What if you accidentally left a record playing on your turntable before you left for the long weekend?

As he prepared to leave the house, he put his treasured copy of Nirvana’s Unplugged on the turntable–and forgot about it. I look closer and its stuck on track seven, “Polly,” And its got vinyl dust lining both sides of the groove (pictures don’t do it justice as this was post wipe). Good thing it wasn’t a copy of the Sex Pistols “God Save the Queen” on A&M. We were listening to Nirvana Unplugged while playing Hot Wheels and mini hockey sticks with the kids in the basement. So it just sat in an endless loop for the entire time. This was this past Wednesday around 7 pm. It hits me what happened. Once the stylus tracked to midway through “Polly,” it got stuck. I have three kids under four. And that wasn’t all. Trevor writes:
I know how to handle vinyl. About 120 hours’ worth of dust. We left for Canada Day weekend holidays the next morning, the record was still turning. Unknowingly, the record was still turning. I pressed the universal remote off button and marched the circus of kids upstairs for bedtime. And no, I don’t have a rare/fancy “cool kid” record player. The turntable is on. Here’s what Trevor found upon returning home Monday night. That meant from the night of Wednesday, June 27, to the evening of Monday, July 2, the stylus followed exactly the same path, cutting a deep groove and ruining the record. Trevor was so anxious for the Canada Day long weekend that he made plans to start early. Things get broken. Fast forward approximately 120 hours later. I headed to the basement and something caught my eye. It just spun and spun and spun. Somehow the track didn’t run out, at which point the tonearm would have been automatically been kicked back up to a resting position.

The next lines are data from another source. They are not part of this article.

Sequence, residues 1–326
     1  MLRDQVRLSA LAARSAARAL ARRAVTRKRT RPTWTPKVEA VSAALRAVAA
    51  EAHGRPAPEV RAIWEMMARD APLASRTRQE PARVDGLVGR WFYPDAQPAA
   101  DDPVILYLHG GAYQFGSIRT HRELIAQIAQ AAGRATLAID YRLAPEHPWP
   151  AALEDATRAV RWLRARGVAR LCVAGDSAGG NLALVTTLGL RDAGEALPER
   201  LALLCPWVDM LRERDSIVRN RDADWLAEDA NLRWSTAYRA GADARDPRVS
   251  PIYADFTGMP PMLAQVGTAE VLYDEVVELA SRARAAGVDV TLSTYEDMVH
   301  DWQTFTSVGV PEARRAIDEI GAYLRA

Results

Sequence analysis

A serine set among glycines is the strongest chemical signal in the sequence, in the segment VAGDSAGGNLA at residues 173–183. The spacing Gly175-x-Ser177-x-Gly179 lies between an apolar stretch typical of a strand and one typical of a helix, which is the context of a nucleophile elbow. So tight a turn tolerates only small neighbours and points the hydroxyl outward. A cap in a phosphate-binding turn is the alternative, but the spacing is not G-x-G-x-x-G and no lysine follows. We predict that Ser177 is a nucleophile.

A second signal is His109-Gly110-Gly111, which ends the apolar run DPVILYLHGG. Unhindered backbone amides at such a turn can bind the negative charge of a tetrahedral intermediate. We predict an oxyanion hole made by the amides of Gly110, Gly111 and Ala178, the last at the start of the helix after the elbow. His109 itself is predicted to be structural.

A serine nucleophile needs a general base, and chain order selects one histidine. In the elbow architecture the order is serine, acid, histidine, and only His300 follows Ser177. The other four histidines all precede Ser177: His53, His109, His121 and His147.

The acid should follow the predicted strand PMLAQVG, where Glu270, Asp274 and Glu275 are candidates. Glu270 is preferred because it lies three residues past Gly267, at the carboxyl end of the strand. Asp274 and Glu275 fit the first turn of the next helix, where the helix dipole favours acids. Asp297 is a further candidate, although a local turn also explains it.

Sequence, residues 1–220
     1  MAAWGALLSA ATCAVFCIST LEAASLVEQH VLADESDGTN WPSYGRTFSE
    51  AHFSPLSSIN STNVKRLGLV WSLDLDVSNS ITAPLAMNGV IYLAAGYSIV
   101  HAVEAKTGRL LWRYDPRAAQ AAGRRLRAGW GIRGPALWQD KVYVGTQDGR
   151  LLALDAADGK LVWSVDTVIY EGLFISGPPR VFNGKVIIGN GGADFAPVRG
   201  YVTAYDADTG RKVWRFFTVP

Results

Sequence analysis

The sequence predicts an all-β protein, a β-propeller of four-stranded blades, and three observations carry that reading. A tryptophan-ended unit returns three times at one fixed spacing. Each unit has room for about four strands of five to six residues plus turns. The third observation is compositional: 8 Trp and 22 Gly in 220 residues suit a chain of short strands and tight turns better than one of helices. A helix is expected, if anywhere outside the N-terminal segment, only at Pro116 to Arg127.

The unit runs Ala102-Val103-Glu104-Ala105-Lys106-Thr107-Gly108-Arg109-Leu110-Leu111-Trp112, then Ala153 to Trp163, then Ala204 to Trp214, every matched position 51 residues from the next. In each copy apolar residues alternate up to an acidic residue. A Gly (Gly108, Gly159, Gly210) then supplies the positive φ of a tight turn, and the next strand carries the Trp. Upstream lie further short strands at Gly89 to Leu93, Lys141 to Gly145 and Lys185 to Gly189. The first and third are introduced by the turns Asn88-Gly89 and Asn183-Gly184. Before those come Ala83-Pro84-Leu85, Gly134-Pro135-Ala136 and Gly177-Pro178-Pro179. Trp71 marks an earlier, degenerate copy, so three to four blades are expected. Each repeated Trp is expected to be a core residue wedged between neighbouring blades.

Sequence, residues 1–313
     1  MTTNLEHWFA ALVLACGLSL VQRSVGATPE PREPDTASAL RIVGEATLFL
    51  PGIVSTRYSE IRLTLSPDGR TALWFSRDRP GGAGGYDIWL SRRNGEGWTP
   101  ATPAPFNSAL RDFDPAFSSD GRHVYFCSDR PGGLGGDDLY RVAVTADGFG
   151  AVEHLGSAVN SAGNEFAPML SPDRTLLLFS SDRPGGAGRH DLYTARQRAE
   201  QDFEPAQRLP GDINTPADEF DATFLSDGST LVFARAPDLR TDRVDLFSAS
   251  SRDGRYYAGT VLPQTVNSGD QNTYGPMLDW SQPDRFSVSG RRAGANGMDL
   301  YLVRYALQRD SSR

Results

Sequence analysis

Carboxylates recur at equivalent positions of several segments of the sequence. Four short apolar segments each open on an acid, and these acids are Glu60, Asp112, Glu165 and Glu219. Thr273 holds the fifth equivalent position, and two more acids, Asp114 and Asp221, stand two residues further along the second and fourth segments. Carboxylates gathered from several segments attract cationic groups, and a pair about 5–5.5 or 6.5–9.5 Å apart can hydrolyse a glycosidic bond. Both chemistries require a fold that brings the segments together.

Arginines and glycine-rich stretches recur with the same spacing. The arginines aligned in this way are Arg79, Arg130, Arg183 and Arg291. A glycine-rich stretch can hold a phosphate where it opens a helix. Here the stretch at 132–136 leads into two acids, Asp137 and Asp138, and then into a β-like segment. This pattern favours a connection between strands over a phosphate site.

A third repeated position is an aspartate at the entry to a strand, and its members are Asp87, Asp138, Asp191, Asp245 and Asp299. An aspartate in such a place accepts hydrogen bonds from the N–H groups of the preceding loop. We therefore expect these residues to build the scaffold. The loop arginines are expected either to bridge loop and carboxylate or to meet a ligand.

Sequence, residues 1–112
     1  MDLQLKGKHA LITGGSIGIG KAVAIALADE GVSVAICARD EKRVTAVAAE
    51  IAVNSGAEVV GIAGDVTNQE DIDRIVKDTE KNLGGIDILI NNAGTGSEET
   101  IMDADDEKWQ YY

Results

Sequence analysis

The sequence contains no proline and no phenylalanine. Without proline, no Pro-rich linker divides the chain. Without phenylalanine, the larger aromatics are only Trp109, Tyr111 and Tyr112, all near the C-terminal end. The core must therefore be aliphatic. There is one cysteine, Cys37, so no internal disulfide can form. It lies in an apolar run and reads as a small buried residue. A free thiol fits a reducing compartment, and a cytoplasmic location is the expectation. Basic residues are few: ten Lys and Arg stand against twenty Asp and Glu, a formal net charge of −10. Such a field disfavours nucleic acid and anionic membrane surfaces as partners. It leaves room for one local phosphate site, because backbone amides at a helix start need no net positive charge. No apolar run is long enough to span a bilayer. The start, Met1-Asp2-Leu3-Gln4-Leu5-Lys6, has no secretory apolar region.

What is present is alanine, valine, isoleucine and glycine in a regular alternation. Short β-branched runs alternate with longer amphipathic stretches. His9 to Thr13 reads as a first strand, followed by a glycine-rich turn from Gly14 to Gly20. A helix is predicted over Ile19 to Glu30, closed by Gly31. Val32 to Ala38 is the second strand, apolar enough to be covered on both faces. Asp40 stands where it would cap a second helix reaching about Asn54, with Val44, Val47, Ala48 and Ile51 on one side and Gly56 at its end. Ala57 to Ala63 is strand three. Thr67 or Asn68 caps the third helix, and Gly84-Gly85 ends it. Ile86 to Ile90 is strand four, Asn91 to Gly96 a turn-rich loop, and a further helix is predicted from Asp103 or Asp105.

In the day and age where one button turns 99.9% of home theater equipment on and off, I got caught with the 0.1%. That’s what happens when you drag a diamond through a narrow plastic trench. I’ve been collecting for years and have some rare records. Oh, well. This time I can’t blame this one on the kids.
What if you accidentally left a record playing on your turntable before you left for the long weekend?